What does it mean to be human? What, exactly, is it that defines us? Is it our capacity to use tools (once a commonly accepted definition, now outdated), our complex problem-solving ability, our creativity, our emotions? Or is it something less admirable—our capacity for deception, betrayal, self-preservation above all?
|Beware the android without a moral compass.|
These are the questions addressed in writer/director Alex Garland’s (DREDD, 28 DAYS LATER) new film EX MACHINA, in theaters now. And though the questions may be fascinating, the exploration at times diverting, the answers Garland provides us are ultimately predictable and disappointing.
The film revolves around a “Turing test,” an examination of a highly sophisticated android (Alicia Vikander) to see if her artificial intelligence has passed the point of self-awareness. But, of course, the test, and all that surrounds it, is not what it seems--starting with the android’s crazy/charismatic creator, Nathan (Oscar Isaac in an incandescent performance building on his riveting role in the recent A MOST VIOLENT YEAR), and including the fact that this android is purposely built to svelte female proportions.
The poor schlub from Nathan’s pioneering software company brought in to test the android is Caleb (Domnhall Gleeson, ABOUT TIME), a timid beta to Nathan’s towering alpha in every way. From this point on in the story, nothing is a surprise—not Caleb’s falling for the beautiful machine, her apparently falling for him, the evidence of Nathan’s brutish cruelty toward his earlier iterations in the android line, the manipulation occurring on all sides. That includes the manipulation of the audience by the writer/director, wanting us to root for the underdog Caleb and his threatened android sweetheart.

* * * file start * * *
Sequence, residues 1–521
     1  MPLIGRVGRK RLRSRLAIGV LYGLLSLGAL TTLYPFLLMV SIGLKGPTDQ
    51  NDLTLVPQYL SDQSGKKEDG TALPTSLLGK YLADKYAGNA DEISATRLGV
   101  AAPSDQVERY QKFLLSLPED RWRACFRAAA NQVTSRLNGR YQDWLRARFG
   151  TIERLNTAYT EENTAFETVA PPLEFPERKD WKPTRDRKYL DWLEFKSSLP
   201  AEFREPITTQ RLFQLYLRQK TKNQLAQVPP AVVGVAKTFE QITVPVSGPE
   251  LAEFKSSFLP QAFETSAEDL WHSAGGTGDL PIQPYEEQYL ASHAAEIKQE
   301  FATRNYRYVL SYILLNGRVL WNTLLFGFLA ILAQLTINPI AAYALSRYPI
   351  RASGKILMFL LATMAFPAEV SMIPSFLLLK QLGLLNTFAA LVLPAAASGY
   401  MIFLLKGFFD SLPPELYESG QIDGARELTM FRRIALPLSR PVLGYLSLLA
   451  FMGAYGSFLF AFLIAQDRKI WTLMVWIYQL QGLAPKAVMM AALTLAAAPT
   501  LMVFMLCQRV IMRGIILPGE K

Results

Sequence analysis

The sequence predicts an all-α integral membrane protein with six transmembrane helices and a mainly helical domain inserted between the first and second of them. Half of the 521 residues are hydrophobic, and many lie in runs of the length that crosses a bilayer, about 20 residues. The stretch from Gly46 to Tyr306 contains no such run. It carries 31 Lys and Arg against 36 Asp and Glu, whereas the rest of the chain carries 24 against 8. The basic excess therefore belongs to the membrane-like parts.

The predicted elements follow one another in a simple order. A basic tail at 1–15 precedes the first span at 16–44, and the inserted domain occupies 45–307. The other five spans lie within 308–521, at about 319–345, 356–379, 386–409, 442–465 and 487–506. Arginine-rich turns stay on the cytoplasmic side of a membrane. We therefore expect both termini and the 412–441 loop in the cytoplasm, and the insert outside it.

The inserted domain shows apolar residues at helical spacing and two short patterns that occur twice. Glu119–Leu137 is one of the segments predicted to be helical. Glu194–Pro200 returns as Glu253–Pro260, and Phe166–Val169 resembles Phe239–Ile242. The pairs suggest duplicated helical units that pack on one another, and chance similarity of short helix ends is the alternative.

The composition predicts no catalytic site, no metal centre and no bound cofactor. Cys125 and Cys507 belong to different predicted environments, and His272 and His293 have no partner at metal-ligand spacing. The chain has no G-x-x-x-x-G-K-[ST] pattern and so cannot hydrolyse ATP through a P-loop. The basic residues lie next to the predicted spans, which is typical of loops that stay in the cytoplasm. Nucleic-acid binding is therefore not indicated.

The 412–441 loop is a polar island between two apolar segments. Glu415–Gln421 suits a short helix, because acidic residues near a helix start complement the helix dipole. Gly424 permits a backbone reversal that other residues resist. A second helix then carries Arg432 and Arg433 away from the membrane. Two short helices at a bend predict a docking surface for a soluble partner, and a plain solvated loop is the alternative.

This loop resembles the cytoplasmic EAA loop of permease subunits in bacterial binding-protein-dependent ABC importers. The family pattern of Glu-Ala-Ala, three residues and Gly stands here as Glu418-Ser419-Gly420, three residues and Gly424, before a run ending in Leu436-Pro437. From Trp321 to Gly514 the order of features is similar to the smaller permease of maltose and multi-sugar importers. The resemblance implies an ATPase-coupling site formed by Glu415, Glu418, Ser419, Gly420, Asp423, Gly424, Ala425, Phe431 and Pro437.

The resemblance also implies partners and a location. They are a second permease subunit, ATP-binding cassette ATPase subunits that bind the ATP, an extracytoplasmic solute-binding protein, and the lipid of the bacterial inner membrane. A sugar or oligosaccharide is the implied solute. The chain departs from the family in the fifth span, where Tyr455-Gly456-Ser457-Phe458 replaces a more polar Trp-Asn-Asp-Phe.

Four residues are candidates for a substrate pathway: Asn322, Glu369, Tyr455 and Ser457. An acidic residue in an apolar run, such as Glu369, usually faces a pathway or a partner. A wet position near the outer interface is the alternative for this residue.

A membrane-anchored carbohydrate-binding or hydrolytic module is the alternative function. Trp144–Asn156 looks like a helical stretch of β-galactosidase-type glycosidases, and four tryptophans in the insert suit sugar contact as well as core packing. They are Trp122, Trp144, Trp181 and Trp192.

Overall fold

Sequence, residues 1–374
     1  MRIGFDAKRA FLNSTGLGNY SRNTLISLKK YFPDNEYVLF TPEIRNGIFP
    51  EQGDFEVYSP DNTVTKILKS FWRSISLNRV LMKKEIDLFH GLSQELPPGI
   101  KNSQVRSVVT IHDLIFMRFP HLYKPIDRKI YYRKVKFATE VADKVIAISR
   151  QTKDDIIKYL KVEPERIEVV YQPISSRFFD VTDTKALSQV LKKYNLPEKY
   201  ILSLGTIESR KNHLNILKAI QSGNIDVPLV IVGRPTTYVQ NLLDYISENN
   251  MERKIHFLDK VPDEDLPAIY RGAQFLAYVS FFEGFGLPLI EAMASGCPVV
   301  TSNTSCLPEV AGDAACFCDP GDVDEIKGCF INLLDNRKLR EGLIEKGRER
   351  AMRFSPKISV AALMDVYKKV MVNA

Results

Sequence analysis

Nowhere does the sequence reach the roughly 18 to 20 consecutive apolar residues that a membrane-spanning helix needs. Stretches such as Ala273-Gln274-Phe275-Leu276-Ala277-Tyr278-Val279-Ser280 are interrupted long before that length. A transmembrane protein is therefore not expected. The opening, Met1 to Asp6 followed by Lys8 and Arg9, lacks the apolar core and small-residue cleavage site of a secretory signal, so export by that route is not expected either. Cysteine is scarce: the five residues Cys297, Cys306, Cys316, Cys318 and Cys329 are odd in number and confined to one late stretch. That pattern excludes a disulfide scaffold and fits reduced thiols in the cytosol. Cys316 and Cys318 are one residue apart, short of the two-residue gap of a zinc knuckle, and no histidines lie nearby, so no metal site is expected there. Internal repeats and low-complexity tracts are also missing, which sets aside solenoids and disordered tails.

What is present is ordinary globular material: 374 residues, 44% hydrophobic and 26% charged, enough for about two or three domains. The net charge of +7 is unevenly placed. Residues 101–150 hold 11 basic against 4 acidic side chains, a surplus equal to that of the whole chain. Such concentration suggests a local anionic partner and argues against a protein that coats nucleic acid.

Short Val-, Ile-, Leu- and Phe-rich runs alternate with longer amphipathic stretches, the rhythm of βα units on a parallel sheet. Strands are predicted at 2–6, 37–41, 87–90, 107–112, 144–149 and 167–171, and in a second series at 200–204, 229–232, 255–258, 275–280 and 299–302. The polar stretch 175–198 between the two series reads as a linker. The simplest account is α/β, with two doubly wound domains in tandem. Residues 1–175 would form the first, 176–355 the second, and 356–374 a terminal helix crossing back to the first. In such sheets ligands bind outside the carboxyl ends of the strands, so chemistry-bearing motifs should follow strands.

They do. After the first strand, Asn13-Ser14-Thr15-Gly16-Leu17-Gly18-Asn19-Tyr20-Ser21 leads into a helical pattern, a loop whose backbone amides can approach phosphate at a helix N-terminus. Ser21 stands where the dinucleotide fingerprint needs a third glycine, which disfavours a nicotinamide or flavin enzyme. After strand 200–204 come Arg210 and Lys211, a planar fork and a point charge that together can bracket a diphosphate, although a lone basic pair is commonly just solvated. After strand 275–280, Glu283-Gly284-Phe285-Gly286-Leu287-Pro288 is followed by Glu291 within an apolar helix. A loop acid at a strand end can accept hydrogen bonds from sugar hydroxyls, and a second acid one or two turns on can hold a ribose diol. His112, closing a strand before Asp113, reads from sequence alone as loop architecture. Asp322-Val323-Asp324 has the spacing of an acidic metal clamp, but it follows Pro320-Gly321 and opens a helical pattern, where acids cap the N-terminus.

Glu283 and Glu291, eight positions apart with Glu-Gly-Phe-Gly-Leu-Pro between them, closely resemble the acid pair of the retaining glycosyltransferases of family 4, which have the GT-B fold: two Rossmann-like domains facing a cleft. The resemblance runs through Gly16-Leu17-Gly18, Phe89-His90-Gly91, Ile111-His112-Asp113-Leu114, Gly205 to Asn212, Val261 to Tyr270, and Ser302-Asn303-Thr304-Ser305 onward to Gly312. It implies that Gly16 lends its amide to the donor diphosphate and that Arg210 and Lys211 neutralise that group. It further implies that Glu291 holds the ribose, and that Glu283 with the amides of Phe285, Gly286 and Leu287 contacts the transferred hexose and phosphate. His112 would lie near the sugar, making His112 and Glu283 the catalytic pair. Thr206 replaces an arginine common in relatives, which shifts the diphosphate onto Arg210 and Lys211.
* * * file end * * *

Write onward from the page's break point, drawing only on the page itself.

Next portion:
But about two-thirds of the way into the film, you begin to wonder whether the android might be smarter than Caleb, at least, and maybe Nathan, too. No amount of trickery can keep the smart human in the theater seat (at least one who has seen a few SF films and read a few SF books) from predicting the obvious result. I won’t spoil it for you if you plan to see the film. Just be warned that if you are an old-school SF fan, you’ve seen it all before.
This film has garnered a lot of attention from the critics. I suspect it’s because of some neat CGI effects and the fact that there’s a fair amount of female nudity in the film. Guys tend to think that makes a film “edgy.” For me the redeeming factor was Oscar Isaac, acting almost in isolation to bring energy to a timeworn plot. Gleeson mostly looked confused and sad. Vikander did her job competently, which was to look innocent and lovely, even while doing some pretty nasty things. (That’s the thing about AI—it always seems to come without a moral compass.)
Just in case you’re wondering, this is NOT science fiction romance. It’s straight SF. The romantic elements play a role in the plot, but, for reasons I can’t explain without spoilerage, they do not constitute true romance. Looks like we’ll have to wait a while for another SFR film of worth on the big screen.